First Confession


Mid-March and we stand

in a fidgety procession,

our whispers echo off

marble walls like moths

against glaring lightbulbs.

We slide onto the wood pews,

shouldering our classmates

into position.

An occasional giggle,

a foot-bang against the kneeler,

and Sister Dorothy furrows

her deep forehead.

Flustered, we thumb the hymnals,

doubting we can unpin

the words from our throats –

words that will declare

our small sins in the dark

air-choked box of the confessional.

Mary Kay Kelly is the first to exit

and all we see is her draping black hair,

pleated plaid skirt and blue knee highs.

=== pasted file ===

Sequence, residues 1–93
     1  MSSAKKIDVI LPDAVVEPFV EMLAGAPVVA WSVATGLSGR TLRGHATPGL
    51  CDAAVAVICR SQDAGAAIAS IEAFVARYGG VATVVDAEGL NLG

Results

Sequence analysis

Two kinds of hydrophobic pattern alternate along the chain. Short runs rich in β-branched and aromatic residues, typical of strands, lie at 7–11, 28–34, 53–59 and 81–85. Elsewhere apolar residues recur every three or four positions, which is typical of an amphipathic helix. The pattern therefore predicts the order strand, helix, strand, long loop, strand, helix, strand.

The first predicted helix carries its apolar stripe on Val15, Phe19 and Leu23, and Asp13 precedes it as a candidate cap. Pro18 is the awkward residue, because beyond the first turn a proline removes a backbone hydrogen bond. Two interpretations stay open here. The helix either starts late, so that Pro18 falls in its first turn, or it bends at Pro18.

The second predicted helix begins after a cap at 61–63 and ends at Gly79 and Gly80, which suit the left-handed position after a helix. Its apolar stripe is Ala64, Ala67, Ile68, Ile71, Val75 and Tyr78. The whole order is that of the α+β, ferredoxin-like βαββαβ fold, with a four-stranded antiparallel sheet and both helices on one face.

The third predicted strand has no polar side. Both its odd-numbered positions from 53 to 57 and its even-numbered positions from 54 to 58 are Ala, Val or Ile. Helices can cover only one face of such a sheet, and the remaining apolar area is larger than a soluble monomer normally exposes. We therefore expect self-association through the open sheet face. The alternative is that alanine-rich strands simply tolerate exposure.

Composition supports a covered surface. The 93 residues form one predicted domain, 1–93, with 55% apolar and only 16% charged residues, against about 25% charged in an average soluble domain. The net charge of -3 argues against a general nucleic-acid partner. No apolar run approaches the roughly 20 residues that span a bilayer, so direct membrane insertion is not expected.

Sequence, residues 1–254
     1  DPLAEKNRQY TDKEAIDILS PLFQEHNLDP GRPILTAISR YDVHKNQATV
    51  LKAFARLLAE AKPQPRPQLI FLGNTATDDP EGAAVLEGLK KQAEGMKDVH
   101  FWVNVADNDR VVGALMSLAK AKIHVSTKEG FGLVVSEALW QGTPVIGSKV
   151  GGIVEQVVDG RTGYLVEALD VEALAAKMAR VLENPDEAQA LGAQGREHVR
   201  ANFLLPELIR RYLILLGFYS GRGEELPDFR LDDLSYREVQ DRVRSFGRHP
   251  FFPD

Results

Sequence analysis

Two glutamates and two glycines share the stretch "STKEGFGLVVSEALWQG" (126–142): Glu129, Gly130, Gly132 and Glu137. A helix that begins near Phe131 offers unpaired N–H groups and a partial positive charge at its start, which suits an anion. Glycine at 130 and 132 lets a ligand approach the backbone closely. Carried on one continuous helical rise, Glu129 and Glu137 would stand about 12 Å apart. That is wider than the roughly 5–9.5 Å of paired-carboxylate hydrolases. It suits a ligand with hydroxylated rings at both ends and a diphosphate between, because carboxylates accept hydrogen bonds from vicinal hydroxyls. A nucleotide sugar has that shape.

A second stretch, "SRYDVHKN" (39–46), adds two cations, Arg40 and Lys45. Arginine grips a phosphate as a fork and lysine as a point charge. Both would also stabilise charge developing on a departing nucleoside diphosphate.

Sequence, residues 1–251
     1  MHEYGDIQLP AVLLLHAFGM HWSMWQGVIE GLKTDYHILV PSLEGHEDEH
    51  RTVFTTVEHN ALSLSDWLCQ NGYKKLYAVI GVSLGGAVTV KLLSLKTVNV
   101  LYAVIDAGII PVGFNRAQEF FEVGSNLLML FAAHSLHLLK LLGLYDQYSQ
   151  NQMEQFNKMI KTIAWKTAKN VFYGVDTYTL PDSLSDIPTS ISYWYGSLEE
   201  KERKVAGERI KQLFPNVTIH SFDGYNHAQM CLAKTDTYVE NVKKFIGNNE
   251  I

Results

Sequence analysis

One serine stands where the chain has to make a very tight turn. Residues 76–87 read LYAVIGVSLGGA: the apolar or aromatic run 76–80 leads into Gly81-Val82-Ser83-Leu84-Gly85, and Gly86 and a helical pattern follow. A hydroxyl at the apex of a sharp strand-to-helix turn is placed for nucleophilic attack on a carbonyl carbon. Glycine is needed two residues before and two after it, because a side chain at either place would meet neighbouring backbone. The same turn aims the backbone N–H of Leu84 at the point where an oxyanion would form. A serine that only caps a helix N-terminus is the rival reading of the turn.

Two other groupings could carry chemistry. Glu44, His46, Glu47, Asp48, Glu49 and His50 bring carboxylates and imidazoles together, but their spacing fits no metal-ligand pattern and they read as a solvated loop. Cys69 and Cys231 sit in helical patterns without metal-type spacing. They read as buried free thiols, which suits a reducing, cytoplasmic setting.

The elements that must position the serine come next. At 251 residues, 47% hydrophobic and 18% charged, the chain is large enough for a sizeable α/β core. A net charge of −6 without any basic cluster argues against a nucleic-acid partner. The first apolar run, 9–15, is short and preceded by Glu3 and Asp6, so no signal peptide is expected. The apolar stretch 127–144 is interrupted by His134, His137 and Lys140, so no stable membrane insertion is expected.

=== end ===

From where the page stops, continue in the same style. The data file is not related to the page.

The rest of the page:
How sinful can her seven-year-old life be?

Our hands sweat as we

recite our sins in our heads,

some kind of moral laundry list

            Lied to my mother

            Swore at the neighbor kid

            One day, didn’t do my chores.

Spring is upon us

and we’re wishing for kickball,

jump rope, hopscotch and fresh air

to swipe our cheeks to red swaths

that stay through fifth period.

The statues of saints in the enclaves

peer down on us and we’re wondering

how they lived holier and holier lives.

They do not answer us.